[Pibe-division] Babies, beads cupboards and Math
Dr. Denise M. Robinson
dmehlenbacher at yahoo.com
Fri Oct 7 11:59:51 CDT 2011
Babies, beads cupboards and Math
Counting starts with the simple things.
Inexpensive counting starts with a long sting and a set of beads...or
even lots of buttons lying around. Help the child string the beads or
buttons on the string and count as they string it. Then tie knots at
each end and have the child count moving the beads from left to right
and back again. Make strings of ten, so counting to higher numbers is
Make different lengths and tie around their neck for a necklace. Make a
small strand on elastic and tie around wrist for bracelets. Keep their
minds active and busy so they won't be thinking about poking their eyes
or rocking for entertainment. They can wear their entertainment.
Cupboards are also a great way to learn math, spatial concepts and
stacking. Have your child sit on the counter after you go grocery
shopping and have them place the cans of food in the cupboard. I can
already tell you, they will want to do this over and over again. That is
fine. It is worth the mess at first and the inconvenience for you, as
this teaches so many concepts.
I used to have several drawers and the bottom cupboards of my kitchen
just for small children who would enter our house. I had a large can of
beans with a bowl and stacking cups. The child will get these out, open
and start scooping from the can of beans and measuring into the bowl and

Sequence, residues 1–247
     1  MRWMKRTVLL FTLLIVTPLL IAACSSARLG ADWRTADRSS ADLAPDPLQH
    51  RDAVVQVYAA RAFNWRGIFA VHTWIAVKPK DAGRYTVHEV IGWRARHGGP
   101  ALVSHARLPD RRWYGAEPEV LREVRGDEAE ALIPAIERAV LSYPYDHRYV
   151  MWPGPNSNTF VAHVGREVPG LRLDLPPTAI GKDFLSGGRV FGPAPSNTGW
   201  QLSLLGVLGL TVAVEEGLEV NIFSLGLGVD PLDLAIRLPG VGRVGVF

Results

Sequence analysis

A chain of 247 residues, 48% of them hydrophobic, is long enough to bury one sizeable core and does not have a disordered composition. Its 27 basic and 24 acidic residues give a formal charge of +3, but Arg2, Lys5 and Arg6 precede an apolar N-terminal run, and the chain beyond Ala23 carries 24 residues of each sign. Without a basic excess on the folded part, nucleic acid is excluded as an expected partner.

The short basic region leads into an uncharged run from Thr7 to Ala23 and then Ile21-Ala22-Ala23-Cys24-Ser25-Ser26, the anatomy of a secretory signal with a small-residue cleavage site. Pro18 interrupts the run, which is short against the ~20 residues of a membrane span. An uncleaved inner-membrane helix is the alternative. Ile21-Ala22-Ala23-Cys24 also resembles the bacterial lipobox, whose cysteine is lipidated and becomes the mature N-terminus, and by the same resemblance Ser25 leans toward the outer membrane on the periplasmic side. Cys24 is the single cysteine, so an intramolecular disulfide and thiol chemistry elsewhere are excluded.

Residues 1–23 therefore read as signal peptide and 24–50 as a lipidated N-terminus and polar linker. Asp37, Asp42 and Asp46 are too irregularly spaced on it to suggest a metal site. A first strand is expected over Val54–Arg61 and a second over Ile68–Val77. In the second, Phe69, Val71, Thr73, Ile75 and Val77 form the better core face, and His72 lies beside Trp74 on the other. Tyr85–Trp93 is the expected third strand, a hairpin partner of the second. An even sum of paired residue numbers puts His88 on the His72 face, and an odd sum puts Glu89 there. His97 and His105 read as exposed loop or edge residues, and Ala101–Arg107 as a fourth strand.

vice versa. I did this with rice also. They have that lower cupboard
full of canned goods and the child will pull them all out (you will have
to help them at first to know what to do) then 1 by 1, place them back
on the shelf, counting each can they place back in the cupboard.
Depending on the size of your cupboard, the child should be able to
stack 2 or 3 cans on top of each other. For beginners, the sides of the
shelf are great to help support an off centered can, but they get good
at this. Then they count the cans as they stack. They also eventually
learn how many cans will fit in a certain space.
While the tiny child would be playing in the cupboards, I would be
making dinner. Of course, if the child were 3 or more, the child would
get up and help me. As you know their attention wane's quickly, so then
they would go back down to the cupboards and continue to "play".
By building in things to do at the child's level and around what you
already do, they quickly gain concepts about the world around them.
Denise M. Robinson, TVI, Ph.D.
Teacher of the Blind & Visually Impaired
Specialist in blind programming/teaching/training
509-674-1853 deniserob at gmail.com
-------------- next part --------------
An HTML attachment was scrubbed...
More information about the Pibe-division